11 Reasons I Am Still Thankful for Public Education in America in 2014

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Bashing public education in 2014 continues as a national sport for U.S. media and politicians who compete 24/7 for public market share. But, the good news is that educators and parents are pushing back against mischaracterization of America’s public education with stronger voices than ever. I’ve updated this list annually and my observation is that the world is committed to changing education to offer more of an American model. It’s ironic that we’ve been moving to emulate what has been a mostly standardized, one size fits all approach to learning in other nations. Competing for high international test scores is not necessarily in our best national interests. To paraphrase Yong Zhao, Chinese-educated professor and fierce champion of America’s public schools, the invention and productivity quotient of nations is inversely proportional to high student test scores  – a decades old economic trend reported by ASCD.

While our public education system has room to advance, our educators continue to educate far more of our young people for more school years than either India or China. Our best students may not be as exam-driven as South Korea’s best or as international-test successful as the Finns, but overall our young people are far less self-abusive teenagers. Our young women today have far more educational and career opportunities than their peers in Japan, the Middle East or on the African continent. Children who enter the United States from third world countries are better served in our Statue of Liberty schools than in their own countries. We are dedicated to including, not excluding, special needs and immigrant children in our regular school communities and to keeping learning doors open rather than closed.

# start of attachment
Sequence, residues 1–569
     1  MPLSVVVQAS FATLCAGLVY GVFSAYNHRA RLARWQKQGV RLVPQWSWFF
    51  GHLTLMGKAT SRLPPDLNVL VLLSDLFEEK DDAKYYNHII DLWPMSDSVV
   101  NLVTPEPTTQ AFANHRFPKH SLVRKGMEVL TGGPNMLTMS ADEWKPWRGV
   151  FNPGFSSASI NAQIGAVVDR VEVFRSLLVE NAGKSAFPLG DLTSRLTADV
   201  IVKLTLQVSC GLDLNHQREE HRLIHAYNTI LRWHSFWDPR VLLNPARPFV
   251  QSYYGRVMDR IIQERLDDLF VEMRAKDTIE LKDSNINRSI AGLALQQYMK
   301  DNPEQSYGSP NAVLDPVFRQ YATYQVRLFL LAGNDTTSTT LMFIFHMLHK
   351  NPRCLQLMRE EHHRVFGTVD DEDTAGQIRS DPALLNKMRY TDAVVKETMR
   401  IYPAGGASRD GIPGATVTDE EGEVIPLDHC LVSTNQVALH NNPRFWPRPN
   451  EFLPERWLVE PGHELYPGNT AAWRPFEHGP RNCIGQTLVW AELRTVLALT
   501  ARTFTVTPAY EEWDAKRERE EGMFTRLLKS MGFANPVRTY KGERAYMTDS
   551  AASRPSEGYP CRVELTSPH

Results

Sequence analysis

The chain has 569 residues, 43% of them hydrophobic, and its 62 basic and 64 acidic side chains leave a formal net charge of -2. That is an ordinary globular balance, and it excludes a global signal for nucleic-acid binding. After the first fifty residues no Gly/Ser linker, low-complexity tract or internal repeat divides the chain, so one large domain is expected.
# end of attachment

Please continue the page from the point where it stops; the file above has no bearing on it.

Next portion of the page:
1.     In the People’s Republic of China, the decision was made in 2007 to fund nine years of compulsory public education for the 80% of young people who live in rural poverty and cannot afford the many fees attached to schooling in China. However, significant gaps still exist in meeting the target that all Chinese youth complete nine grades. Of course, if a student does get through and gets accepted into what would be our equivalent of high school, his/her parents are responsible for paying tuition to attend. If rural and poor, a mainland Chinese child is basically out of luck. Yet, chasing the American creativity dream drives the new Chinese national strategic plan – an American dream worth chasing.

2.    Talk about a poverty gap. In India, more than 40% of children drop out before eighth grade. An increased commitment of India to educating its young people has resulted in only 1.4 million school children not being enrolled in any school at all today – down from 9.6 million school children in 2010. When you realize that education is the fuel of a nation’s  future, you invest in it.

3.     In Mexico, only 68 % of children completing first grade will complete nine years of education. Thirty-five of these will go on to graduate from upper secondary school. Compulsory education now extends through 11 years of schooling, a relatively recent extension across the country. So close to us but so far away in education reality.